Great Moments in Progressive Taxation

Many government programs have both a stated justification as well as a second, unstated justification which is the real reason that politicians support the program.  For example, many regulations are portrayed as pro-consumer when in fact their real utility is in protecting a favored company or political donor from new competition.

The same is true for progressive taxation.  The public logic is usually about the rich paying a "fair share" or reducing income inequality (by cutting down the oaks to give the maples more sunshine).  However, progressive taxation pays rich dividends to politicians looking to increase the size of government and their own personal power.  Some time in the last 10 years, we crossed an invisible line where less than half of American families pay for effectively all government programs (leaving aside Social Security). 

This means that when any politician stands up and proposes a new program, a majority of Americans know that they are not going to pay for it.  In fact, the situation is even more obvious when you consider new programs at the margin.  If you listen to the Democratic debates, nearly every candidate is proposing to pay for his or her expensive programs via new taxes aimed solely at the top 10 or 20% of earners.  Every time they propose a program, there is an unstated but increasing clear clause "and 80% of you won't have to pay anything for this."  Already, we see many states funding new programs with surcharges on the rich.  Here is but one example:

California voters agreed to tax the rich to support public mental health

More than half of them (53.3 percent) voted last month in favor of
Proposition 63, which will impose a tax surcharge of 1 percent on the taxable
personal income above $1 million to pay for services offered through the
state's existing mental health system. The initiative will generate an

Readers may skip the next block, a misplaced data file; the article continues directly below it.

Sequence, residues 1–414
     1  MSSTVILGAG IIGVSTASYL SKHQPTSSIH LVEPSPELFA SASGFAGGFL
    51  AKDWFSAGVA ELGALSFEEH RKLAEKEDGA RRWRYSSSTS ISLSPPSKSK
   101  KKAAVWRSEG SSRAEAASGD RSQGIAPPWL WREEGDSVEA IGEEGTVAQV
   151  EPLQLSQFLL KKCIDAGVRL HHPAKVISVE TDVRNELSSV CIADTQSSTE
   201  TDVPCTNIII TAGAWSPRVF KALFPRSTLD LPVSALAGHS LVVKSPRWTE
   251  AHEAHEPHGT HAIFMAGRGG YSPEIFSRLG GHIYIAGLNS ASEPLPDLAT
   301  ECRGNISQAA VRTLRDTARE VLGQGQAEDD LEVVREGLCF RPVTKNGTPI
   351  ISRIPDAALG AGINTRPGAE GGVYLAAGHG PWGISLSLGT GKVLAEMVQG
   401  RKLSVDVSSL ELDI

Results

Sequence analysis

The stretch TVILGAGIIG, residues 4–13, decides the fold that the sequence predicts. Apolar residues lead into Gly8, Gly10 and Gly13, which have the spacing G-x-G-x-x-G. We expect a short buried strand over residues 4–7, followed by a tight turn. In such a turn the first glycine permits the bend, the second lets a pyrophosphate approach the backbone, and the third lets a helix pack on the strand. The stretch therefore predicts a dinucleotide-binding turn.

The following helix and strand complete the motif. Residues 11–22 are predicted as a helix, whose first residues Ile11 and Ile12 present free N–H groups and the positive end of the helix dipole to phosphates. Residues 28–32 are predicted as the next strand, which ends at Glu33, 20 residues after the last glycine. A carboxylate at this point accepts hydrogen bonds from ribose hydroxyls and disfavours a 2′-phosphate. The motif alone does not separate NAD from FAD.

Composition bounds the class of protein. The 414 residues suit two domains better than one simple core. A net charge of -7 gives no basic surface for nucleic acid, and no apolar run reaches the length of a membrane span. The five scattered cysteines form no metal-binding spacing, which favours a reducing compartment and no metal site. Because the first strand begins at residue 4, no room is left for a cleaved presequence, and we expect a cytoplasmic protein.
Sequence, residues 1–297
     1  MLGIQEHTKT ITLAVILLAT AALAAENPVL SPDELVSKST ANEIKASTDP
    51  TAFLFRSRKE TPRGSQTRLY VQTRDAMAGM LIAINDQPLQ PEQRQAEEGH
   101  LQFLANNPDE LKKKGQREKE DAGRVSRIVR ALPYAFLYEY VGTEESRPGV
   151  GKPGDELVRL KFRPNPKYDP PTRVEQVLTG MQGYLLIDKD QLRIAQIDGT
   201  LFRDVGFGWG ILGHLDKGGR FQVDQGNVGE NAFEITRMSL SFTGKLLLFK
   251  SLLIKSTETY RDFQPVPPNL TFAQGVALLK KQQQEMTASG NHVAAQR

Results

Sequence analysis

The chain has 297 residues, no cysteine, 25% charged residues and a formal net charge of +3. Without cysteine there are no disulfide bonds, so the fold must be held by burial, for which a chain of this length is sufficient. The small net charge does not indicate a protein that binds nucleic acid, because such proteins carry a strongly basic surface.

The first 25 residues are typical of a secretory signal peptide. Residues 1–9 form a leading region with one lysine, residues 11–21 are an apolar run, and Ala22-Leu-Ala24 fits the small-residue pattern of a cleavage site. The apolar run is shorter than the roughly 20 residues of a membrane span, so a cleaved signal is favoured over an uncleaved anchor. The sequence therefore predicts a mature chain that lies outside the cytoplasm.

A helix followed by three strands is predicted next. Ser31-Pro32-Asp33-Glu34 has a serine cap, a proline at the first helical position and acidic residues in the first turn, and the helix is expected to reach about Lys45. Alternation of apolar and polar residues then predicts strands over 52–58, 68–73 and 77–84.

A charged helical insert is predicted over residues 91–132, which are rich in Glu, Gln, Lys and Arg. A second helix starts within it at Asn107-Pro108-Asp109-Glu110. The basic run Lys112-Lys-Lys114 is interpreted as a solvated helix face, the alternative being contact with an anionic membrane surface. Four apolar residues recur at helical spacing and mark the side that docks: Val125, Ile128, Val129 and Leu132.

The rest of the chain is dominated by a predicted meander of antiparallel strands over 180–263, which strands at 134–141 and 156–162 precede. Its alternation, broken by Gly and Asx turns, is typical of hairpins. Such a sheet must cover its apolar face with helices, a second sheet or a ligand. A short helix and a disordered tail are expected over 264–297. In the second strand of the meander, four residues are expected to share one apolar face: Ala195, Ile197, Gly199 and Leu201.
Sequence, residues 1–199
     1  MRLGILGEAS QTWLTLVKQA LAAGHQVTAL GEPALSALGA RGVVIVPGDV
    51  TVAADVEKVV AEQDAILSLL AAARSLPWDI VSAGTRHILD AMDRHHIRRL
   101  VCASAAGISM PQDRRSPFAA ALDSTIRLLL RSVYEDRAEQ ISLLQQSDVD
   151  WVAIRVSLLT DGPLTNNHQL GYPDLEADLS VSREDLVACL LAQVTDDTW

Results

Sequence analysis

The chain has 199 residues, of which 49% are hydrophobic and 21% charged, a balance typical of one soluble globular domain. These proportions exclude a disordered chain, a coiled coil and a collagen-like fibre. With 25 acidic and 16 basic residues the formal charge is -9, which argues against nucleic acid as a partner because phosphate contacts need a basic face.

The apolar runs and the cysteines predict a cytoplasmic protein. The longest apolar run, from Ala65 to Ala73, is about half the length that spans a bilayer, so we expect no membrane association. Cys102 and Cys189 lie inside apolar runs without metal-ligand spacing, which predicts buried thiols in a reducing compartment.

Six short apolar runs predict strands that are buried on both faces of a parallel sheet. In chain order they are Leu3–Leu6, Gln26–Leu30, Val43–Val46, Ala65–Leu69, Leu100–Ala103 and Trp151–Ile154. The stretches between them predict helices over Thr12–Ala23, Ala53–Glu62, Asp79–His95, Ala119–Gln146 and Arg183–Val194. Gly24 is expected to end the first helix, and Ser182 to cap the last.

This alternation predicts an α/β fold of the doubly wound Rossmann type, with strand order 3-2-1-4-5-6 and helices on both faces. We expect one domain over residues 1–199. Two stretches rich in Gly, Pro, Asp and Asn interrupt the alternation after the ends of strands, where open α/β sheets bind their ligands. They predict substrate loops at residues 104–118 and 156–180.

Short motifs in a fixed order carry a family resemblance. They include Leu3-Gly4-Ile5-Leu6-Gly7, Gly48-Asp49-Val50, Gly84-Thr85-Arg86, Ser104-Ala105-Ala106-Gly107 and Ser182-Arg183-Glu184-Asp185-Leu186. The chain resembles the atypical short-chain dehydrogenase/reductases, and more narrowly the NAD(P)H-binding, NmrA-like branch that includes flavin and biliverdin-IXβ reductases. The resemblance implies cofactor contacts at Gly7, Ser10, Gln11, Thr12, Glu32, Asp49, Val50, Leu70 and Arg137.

estimated $700 million a year....

Richard A. Shadoan, M.D., a past president of the CPA, wrote in Viewpoints
in the September 3 issue of Psychiatric News, "The scope of the
program and its tax-the-rich source will provoke a debate. But it's an
argument worth having to make California face the neglect of not providing
treatment to more than 1 million people with mental illness."

So what happened?  I don't know how many people make a million dollars in California, but it is certainly less than 5% of the population.  So the headline should read "53.3% of people voted to have less than 5% of the people pay for an expensive new program."  If the 53.3% thought it was so valuable, why didn't they pay for it?  Well, it is clear from the article that the populace in general has been asked to do so in the past and refused.  So only when offered the chance to approve the program if a small minority paid for it did they finally agree.  This is the real reason for progressive taxation.  (by the way, these 53.3% will now feel really good about themselves, despite the fact they will contribute nothing, and will likely piss on millionaires next chance they get, despite the fact that they are the ones who will pay for the program).

Ultimate Example of Progressive Taxation

My story today comes from the Roman Empire just after the death of Julius Caesar.   At the time, three groups vied for power:  Octavian (Augustus) Caesar, Mark Antony, and republican senators under Brutus and Cassius.   Long story short, Octavian and Antony join forces, and try to raise an army to fight the republicans, who have fled Italy.  They needed money, but worried that a general tax would turn shaky public opinion in Rome against them.  So they settled on the ultimate progressive tax:  They named about 2500 rich men and ordered them killed, with their estates confiscated by the state. 

This approach of "proscriptions" had been used before (e.g. Sulla) but never quite as obviously just for the money.  In the case of Octavian and Antony, though nominally sold to the public as a way to eliminate enemies of Rome, the purpose was very clearly to raise money.  All of their really dangerous foes had left Rome with the Republicans.  The proscriptions targeted men of wealth, some of whom had been irritants to Octavian or Antony in the past (e.g. Cicero) but many of whom had nothing to do with anything.  Proscribed men were quoted as saying "I have been killed by my estates."

I wonder how many of today's progressives would be secretly pleased by this approach?